Lemire: It came out of necessity. I didn’t plan on it, or plan on expanding. Dean Ormston had some health issues and it slowed him down a bit, so we needed to have a fill-in issue to keep the schedule going. I wanted to make sure Dean drew all of the chapters of the main farm story, so I had to come up with something separate from that to use as a fill-in for David Rubín. So, I wrote the issue where Lucy Weber finds her Dad’s “Hall of Hammers”, I believe that was issue 12. And as soon as I wrote that and saw how David rendered it I realized I could do more stories set in this world and the doors just flew open then. I did Sherlock Frankenstein, then Doctor Star and then there was no turning back. The universe started growing and growing and all I see now is potential.

There is and was no master plan. It all just grew organically out of that initial need to do a fill-in.

Dueben: I wanted to ask about Doctor Star. Like a lot of people I smiled when the character first popped up – I loved James Robinson’s Starman like I have loved few comics – but the miniseries was a really beautiful, quiet, self-contained comic, and I just wonder if you could talk about putting together this story.

Lemire: It started as a love-letter to James and Starman, but became one of the most personal and autobiographical stories I have ever done. I don’t want to get to deep into my personal life, so I will leave it at that. But I wrote all four issues in a week and it was one of the most emotional creative experiences I ever had. I am happy that it seems to have really resonated with people. 

If you are truly feeling the things you are worrying about and drawing, then the emotions you feel go into the work and people can sense that. I honestly believe that. 

Dueben: You are now crossing over with the Justice League. How did that happen?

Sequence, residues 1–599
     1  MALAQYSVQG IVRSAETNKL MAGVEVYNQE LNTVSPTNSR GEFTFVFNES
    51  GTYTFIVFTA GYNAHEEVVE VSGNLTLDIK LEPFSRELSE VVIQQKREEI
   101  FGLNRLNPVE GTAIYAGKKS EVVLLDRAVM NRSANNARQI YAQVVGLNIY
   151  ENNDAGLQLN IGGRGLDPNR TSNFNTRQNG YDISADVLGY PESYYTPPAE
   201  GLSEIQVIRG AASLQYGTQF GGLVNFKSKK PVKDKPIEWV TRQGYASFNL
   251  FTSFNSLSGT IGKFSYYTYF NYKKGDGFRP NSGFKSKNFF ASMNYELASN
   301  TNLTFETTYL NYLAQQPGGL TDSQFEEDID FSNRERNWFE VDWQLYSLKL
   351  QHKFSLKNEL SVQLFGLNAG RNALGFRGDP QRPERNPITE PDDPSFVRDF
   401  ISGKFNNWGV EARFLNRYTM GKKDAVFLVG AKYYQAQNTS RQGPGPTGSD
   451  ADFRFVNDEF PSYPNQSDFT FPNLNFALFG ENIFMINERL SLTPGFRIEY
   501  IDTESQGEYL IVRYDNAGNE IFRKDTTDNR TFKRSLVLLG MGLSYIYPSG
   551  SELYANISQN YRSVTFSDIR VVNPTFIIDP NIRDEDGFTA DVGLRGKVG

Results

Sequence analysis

Lemire: I have no idea. Ha! Honestly, I think someone at DC approached someone at Dark Horse originally. I was as shocked as anyone. But, as I stated earlier in this interview, my love of the DC Universe runs deep and far back, so I couldn’t pass it up. I still love DC. Doing freelance work can have its challenges, but I still have a lot of friends at DC, and I love the characters and universe. I am actually writing three other DC projects at the moment.  

This was just too much fun to pass up and hopefully it helps bring a few new readers to the Black Hammer Universe too!

Dueben: So we’ve mostly been talking about the main series and the past, but with artist Wilfredo Torres, you made The Quantum Age. What is it?

Lemire: It was a chance to jump ahead one hundred years into the future of the Black Hammer universe and see how our present-day characters and their legacies will echo into a new age and new generation. Obviously, this is something both DC and Marvel have done a lot too with Legion and other properties. But for me it was about seeing the legacy of Black Hammer carried forward like a torch. 

Dueben: You have the character of Colonel Weird who has seen how everything will turn out and so you have this set plan. At least that’s what such a character suggests. So do you have this plan about how Black Hammer and The Quantum Age will work out and how everything fits together?

Lemire: Absolutely. We see how Weird’s fate connects in The Quantum Age, and that just opens more stories for him and the universe. But there is a plan now on how it all ties together. I have charts and maps and timelines. It’s a lot of fun to do that sort of world-building. We have a Black Hammer Encyclopedia coming out soon that will reveal some of this stuff and hint at future stories and connections.

Dueben: We’ve seen the superhero comics do a pretty inconsistent but mostly poor job of dealing with legacy characters and time and change. In these books you’re collectively covering roughly 200 years. What’s key for you in making sure that it feels like this epic multigenerational story where each book and each time period are different, but resonate and connect? And it’s not just a different iteration of what we’ve already seen.